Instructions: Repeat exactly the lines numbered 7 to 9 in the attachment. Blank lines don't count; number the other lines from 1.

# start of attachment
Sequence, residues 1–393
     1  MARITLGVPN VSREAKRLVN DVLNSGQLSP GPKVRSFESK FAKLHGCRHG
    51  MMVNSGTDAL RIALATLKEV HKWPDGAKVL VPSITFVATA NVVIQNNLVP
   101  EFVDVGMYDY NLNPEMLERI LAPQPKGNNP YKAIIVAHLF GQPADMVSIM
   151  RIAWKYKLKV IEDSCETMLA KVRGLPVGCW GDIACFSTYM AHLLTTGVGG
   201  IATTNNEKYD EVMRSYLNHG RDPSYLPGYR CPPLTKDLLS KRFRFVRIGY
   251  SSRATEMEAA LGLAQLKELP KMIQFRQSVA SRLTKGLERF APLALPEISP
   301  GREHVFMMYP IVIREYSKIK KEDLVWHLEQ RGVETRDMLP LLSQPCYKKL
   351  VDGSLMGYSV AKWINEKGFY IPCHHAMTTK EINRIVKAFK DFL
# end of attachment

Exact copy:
   251  SSRATEMEAA LGLAQLKELP KMIQFRQSVA SRLTKGLERF APLALPEISP
   301  GREHVFMMYP IVIREYSKIK KEDLVWHLEQ RGVETRDMLP LLSQPCYKKL
   351  VDGSLMGYSV AKWINEKGFY IPCHHAMTTK EINRIVKAFK DFL